Because…why not, after all?
I just finished reading Lee Child’s Blue Moon.
In this installment of the long-running Jack Reacher series, Reacher drifts into a town that looks “small on a map of America”, but not too small. The place has “half a million people”.
There are also two organized criminal factions: one Ukrainian, one Albanian. And of course, Eastern European gangs mean trouble.
The trouble finds Jack Reacher when he assists an older man who is on his way to deliver a payment to a loan shark . The loan shark belongs to one of these Eastern European criminal factions.
The older man has a sympathetic reason for his indebtedness to the loan shark. This reason eventually dovetails with the larger criminal plot of the book.
Jack Reacher helps some hapless people in need. He meets a younger woman (but not too much younger—Reacher is in his late 50s now), and he leaves a high body count. At the end of the book, Reacher blows out of town. The local problems are neatly tied up. The younger woman, meanwhile, is slightly crestfallen, but she understands. Jack Reacher needs to move on to his next adventure, which will be much like the one he just had.
This is why I don’t feel any guilt about the vague spoilers. The Jack Reacher novels follow a formula, which I’ve laid out briefly in the above paragraph.
“Formula” and “formulaic” don’t necessarily mean “bad”. During the 1980s, I was a fan of the television adventure series, The A-Team, starring Dirk Benedict, Mr. T., and George Peppard. I knew that every episode was going to end with the A-Team jury-rigging a tank from an old pickup truck (or something similar), followed by a long shootout in which no one would actually be shot.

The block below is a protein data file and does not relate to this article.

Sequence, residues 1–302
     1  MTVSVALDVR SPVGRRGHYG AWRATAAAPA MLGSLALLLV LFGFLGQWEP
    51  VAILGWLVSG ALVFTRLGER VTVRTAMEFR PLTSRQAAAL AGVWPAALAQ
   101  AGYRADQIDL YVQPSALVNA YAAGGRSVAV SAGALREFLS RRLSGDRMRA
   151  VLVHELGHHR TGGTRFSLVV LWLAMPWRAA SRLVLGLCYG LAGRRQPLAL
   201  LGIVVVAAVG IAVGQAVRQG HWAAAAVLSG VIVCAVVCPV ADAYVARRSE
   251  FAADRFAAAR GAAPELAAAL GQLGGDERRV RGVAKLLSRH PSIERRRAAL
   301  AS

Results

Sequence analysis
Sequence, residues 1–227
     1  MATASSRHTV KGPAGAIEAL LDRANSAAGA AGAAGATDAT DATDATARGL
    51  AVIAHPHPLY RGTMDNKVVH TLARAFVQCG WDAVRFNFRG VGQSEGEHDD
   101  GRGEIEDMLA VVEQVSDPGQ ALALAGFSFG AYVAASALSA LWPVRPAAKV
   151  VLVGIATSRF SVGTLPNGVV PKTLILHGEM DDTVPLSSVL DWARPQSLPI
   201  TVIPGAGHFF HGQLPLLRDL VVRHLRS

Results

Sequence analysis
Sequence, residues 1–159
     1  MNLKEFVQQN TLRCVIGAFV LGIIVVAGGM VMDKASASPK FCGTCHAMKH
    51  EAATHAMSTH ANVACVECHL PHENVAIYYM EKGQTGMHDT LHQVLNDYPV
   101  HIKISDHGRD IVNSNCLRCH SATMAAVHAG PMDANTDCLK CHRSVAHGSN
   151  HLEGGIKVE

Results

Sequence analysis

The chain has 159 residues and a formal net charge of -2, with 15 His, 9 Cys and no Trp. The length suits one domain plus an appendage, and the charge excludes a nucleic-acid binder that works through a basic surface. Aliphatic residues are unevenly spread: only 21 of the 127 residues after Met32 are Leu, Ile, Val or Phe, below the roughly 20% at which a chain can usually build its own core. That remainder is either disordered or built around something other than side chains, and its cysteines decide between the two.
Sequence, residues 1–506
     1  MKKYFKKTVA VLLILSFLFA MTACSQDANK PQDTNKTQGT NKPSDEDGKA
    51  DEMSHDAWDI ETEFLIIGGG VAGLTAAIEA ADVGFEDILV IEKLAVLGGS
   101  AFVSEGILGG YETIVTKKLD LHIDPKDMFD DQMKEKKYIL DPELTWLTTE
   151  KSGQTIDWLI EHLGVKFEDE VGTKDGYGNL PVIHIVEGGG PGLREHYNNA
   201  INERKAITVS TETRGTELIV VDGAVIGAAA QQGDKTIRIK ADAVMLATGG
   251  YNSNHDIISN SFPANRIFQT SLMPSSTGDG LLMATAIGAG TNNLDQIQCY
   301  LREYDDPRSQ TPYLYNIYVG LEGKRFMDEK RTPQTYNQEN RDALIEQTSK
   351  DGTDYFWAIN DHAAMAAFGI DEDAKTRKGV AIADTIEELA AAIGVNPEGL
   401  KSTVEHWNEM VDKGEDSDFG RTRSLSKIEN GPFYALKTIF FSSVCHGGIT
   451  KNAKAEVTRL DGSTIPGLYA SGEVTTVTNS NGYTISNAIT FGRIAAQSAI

This didn’t make The A-Team bad or unentertaining. At the same time, though, you did always know how things were going to end; and there was little to distinguish one episode of The A-Team from another.
That is what has happened to the Jack Reacher books. They are fun reads. But each one is also the same read. You know that there is a conspiracy in a random small town. The men behind the conspiracy will be just competent enough to get some people killed, but not so competent that one former US Army M.P. can’t unravel their schemes single-handedly. You know that there will be local tough guys who will decide to fight Jack Reacher. And you know that they’ll lose. You know the woman is coming, too; and you know the trajectory of her relationship with Jack Reacher.
Blue Moon, however, is different in one respect: It is somewhat darker than the previous Jack Reacher books. These tales have always been violent; but in the past, Reacher was magnanimous with his foes when he could be. In Blue Moon, Jack Reacher seems to have developed a sadistic streak. (Or maybe he is just getting grumpy with age.)
As I finish up this review, there is yet another Jack Reacher book listed on Amazon. The Sentinel: a Jack Reacher novel will be released October 27.
The Sentinel is cowritten with Andrew Child, which I can only guess to be one of Lee Child’s children.
I’m not sure if I’ll buy The Sentinel right away. When a big-name author starts coauthoring books with his or her progeny, that is usually a sign that the author is losing enthusiasm and steam. Maybe I’ll go back and read some of the earlier Jack Reacher books that I haven’t gotten to yet instead. I’m sure they’ll be reasonably good, just as I’m sure how their plots will unfold.